Plaintiff does not dispute the holding of Studier, but it does argue its claim in the instant case is distinguishable because Article II of the trust reads in relevant part: " The grantor intends the benefits provided by this Trust to be considered a benefit guaranteed by Article 9, Section 24 of the State of Michigan Constitution." Therefore, plaintiff argues, the plain language of the trust elevates otherwise unprotected healthcare benefits to the protection of Const 1963, art 9, § 24. Plaintiff's argument is not premised on the first clause of Const 1963, art 9, § 24; plaintiff asserts that defendant violated the second clause of Const 1963, art 9, § 24 by refusing to fully fund the retirees' future group healthcare insurance benefits on an annual basis.

The trial court correctly dismissed this claim. As explained by the Court in Studier, the threshold question regarding whether the funding requirement of the [309 Mich.App. 605] second clause of Const 1963, art 9, § 24 applies is whether " accrued financial benefits" are at issue. Studier, 472 Mich. at 653.

Specifically, the first clause contractually binds the state and its political subdivisions to pay for retired public employees' " accrued financial benefits . . . ."

Page 130

Thereafter, the second clause seeks to ensure that the state and its political subdivisions will be able to fulfill this contractual obligation by requiring them to set aside funding each year for those " financial benefits arising on account of service rendered in each fiscal year . . . ." [ Id. at 654.]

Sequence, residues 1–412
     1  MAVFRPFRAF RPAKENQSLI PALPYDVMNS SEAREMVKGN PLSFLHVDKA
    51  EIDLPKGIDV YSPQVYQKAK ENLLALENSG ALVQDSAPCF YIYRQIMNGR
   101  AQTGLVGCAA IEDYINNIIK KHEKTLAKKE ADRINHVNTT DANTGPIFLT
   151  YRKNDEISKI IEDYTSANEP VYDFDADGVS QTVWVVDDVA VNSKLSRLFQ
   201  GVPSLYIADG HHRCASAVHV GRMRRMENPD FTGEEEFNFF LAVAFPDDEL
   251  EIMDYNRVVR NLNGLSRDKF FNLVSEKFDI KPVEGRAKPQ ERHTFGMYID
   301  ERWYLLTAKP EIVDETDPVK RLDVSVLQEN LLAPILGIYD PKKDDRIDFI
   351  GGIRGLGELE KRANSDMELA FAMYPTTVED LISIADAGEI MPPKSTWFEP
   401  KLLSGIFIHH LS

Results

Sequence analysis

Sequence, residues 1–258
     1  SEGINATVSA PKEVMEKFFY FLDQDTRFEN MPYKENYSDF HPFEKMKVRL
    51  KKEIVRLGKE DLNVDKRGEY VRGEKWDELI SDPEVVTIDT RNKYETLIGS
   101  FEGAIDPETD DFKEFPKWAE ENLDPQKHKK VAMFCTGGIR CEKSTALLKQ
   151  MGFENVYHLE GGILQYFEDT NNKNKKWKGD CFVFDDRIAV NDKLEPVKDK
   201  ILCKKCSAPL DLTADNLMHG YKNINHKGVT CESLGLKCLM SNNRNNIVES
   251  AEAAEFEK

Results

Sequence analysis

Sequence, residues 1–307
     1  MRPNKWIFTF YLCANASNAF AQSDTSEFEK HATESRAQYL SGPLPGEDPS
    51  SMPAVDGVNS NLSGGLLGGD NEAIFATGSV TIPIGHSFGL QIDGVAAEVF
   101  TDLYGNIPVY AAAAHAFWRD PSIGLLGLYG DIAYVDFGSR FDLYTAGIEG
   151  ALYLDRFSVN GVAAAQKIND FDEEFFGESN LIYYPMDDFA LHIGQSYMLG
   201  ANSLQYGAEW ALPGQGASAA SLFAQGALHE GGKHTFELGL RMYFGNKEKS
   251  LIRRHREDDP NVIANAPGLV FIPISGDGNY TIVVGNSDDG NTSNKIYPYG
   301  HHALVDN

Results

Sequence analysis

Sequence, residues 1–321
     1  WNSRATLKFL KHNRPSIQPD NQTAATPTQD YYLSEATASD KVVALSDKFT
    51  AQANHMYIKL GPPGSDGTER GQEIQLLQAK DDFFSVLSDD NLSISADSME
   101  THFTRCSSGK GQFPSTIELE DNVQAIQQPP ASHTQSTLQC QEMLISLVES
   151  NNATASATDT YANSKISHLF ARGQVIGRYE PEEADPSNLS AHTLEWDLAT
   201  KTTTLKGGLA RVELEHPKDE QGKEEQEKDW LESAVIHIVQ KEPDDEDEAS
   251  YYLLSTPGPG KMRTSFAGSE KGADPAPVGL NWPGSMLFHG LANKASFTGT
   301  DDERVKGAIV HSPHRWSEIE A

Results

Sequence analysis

So, because the funding requirement of the second clause of Const 1963, art 9, § 24 only applies to " accrued financial benefits," and prefunding insurance for future healthcare benefits are not " accrued financial benefits," Studier, 472 Mich. at 654, 670, it follows that the second clause of Const 1963, art 9, § 24 would not apply in this case. Moreover, even if it had applied, the second clause of Const 1963, art 9, § 24 would not guarantee any particular method of funding accrued liability of future benefits. Shelby Twp Police & Fire Ret Bd v Shelby Twp, 438 Mich. 247, 254; 475 N.W.2d 249 (1991); Kosa v State Treasurer, 408 Mich. 356, 371-372; 292 N.W.2d 452 (1980). The trial court correctly concluded that plaintiff's constitutional claim lacked merit.

C. ORDINANCE VIOLATION

Count IV of plaintiff's complaint alleges a violation of an ordinance. Plaintiff does not identify which ordinance defendant allegedly violated. Rather, plaintiff only cites the provisions of the trust instrument obligating defendant to financially contribute to the trust. Defendant's alleged violation of these provisions would be properly categorized as a breach of contract. [309 Mich.App. 606] " [W]here a party fails to cite any supporting legal authority for its position, the issue is deemed abandoned." Prince v MacDonald, 237 Mich.App. 186, 197; 602 N.W.2d 834 (1999).

Moreover, our research has uncovered no local ordinance concerning healthcare benefits for retired police and firefighters. Chapter 92 of the Pontiac Municipal Code is titled " Retirement." The final article, Article IV, § § 92-101 to 92-125, is titled " Policemen's and Firemen's Retirement System." Article IV apparently governs the PFRS. We are unable to identify any city ordinance governing the trust or healthcare benefits for retired police and firefighters, nor has plaintiff cited one. Consequently, we must conclude that the trial court correctly dismissed plaintiff's claim regarding an ordinance violation with respect to defendant's funding of the trust.